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An aspect of the game that definitely sets it apart from a button masher is the addition of ‘fair’, ‘good’, ‘excellent’, and ‘perfect’ kills, which are received after every kill depending on the finesse. The better the kill, the more experience you get. When you get enough experience, you level up, enabling new abilities and combos. ROTK has more higher-level moves than Two Towers did, which adds more replayability to the game. However, I found that many of the best combos and moves were in the lowest levels, such as my most-used combo, the orc hewer, at level one. While other combos may do a little more damage, they are tougher to get off, and open yourself much more to attack, making them pretty useless. This definitely should have been noticed and altered.


With the nine characters available in the game, one would expect nine different styles of fighting combos, etc. Well….. one would be wrong. The characters, except maybe being a little weaker than another, have the same moves and fighting styles. This shouldn’t be, because it is implausible to see Samwise Gamgee slaughtering Uruk-Hai on par with the future king of Men. And I see no reason as to why Legolas can’t fire his arrows faster or more powerful than Aragorn. However, each character does have one ability that is either unique to them or one other as well. Aragorn and Legolas, for example, can power up their attacks for a short time. Sam can become invisible under his cloak. And Gandalf can erect a barrier around him that deflects enemies and their attacks.


The co-op mode is definitely enjoyable. Me and a friend battled the hordes (and I really do mean HORDES) of enemies as Legolas and Aragorn, back to back, helping the other when needed. This mode of play makes the game incredibly easy, as two are always better than one. For example, as I drew arrow fire from a stomping Oliphaunt, my friend fired arrow after arrow into its thick hide. However, I found one problem. While in single player, the camera angle is good enough. However, when two people are on…well, it creates problems. Often the angle is wrong entirely, blocking off one character, or one might be in the distance and one in the foreground, etc. Many game overs were brought upon my friend and I because of these camera woes.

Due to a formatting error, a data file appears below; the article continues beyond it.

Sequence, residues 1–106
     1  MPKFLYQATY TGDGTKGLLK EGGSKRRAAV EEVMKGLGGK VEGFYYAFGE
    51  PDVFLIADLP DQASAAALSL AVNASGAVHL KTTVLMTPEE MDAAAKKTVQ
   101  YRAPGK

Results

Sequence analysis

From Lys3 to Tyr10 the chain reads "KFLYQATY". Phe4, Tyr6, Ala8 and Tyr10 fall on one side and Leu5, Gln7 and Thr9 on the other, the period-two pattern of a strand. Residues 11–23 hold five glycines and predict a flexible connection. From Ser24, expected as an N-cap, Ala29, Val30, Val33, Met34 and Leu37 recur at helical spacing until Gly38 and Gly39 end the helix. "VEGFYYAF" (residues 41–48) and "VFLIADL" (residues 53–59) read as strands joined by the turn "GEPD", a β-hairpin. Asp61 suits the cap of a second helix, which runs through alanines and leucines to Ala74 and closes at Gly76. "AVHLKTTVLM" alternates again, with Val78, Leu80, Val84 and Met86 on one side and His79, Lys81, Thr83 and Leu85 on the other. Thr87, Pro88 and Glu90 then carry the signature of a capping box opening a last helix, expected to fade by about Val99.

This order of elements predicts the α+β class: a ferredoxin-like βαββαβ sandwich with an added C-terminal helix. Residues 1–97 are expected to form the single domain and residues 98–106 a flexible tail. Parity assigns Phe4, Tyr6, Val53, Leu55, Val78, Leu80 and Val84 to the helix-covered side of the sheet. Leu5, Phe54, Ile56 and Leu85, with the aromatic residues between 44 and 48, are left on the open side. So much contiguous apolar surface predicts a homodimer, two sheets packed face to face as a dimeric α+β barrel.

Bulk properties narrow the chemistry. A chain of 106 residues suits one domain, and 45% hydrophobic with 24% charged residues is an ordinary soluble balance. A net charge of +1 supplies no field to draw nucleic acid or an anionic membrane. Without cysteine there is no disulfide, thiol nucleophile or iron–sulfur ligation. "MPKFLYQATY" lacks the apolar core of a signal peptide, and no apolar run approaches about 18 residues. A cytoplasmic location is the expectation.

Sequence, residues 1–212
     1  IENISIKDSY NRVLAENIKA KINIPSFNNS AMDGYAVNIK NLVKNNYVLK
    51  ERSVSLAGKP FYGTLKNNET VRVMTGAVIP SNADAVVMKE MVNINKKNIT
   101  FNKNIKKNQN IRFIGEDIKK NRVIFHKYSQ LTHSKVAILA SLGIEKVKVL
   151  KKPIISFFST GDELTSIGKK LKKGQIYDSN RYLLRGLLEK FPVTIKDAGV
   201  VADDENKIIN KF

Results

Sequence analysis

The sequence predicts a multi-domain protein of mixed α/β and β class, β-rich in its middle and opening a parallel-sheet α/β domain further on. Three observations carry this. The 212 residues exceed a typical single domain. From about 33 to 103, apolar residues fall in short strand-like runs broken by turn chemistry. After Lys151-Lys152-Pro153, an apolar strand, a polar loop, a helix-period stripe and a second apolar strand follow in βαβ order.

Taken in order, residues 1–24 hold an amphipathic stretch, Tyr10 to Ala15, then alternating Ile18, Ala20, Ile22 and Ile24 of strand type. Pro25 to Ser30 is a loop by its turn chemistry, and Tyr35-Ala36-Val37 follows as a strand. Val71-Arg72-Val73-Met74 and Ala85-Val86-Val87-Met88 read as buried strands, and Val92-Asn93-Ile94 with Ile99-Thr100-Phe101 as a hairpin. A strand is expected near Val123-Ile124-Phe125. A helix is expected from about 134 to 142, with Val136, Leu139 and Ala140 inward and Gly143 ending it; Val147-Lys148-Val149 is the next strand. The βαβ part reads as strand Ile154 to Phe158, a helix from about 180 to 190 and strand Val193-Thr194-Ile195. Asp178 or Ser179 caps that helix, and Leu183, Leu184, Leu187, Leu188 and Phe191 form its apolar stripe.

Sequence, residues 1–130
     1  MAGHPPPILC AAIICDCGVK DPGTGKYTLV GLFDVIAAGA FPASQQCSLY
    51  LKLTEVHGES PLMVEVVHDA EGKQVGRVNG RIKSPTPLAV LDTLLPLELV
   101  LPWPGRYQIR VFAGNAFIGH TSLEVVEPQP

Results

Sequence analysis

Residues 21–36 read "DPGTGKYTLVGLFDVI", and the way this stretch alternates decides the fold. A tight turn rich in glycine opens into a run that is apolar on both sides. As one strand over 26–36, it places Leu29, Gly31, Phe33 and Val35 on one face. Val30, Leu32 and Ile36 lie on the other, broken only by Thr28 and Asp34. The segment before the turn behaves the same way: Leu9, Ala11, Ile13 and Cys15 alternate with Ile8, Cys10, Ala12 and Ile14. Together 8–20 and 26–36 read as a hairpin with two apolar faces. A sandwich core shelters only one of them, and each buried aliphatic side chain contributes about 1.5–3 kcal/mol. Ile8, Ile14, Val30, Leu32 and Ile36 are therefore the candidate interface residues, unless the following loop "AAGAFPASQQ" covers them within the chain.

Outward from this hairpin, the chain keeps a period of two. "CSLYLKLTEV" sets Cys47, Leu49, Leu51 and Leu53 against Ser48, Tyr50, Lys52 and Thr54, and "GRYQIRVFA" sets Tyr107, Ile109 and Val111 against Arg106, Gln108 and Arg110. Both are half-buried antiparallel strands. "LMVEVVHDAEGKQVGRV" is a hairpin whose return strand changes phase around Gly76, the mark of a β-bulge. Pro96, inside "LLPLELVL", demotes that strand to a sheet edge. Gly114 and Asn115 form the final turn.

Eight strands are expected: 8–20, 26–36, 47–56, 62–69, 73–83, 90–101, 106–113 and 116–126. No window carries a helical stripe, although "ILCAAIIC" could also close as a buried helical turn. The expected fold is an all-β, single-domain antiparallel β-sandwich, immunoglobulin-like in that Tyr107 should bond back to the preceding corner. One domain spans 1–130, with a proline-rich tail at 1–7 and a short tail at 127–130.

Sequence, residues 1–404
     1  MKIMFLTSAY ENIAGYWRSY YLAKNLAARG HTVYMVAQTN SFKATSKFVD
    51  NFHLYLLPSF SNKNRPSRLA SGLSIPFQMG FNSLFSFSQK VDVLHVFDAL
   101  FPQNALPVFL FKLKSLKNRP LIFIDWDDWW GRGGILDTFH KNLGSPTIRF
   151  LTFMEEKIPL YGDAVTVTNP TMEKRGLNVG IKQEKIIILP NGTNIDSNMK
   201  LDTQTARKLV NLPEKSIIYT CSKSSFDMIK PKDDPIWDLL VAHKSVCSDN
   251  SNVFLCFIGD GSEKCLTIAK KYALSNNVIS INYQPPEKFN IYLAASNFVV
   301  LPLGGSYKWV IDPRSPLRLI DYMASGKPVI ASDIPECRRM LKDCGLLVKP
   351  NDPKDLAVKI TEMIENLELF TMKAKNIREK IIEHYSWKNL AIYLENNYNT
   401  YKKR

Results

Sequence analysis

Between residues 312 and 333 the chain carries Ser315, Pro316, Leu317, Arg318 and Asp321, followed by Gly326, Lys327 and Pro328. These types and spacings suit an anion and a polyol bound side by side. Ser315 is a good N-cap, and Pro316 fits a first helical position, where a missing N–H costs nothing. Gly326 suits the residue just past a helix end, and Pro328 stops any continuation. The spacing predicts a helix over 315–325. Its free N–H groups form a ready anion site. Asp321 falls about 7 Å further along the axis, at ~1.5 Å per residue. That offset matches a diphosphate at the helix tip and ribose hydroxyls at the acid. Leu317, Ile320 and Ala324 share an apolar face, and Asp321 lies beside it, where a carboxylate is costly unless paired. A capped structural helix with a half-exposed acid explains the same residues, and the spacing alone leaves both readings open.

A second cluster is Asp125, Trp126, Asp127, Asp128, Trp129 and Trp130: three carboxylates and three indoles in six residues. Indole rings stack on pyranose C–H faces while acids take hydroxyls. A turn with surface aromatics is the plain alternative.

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With lots and lots of unlockable specials in the game, including interviews with the cast, still shots, and three extra characters, Return of the King can keep players going for longer than a normal hack-n-slash. Not much longer, but longer nonetheless. It’s a game that will appeal to those who long for quick action, but calling it an RPG is like calling Jax 2 a First-Person Shooter. While there are elements of an RPG in it, it’s basically an action game at heart. Pure action.


Final Grade: 87%


The Lord of the Rings: Return of the King Screenshots


The Lord of the Rings: Return of the King Videos

The Lord of the Rings: Return of the King Trailer


Guides / Links

The Lord of the Rings: Return of the King Guides / Links

The Lord of the Rings: Return of the King Wikipedia Entry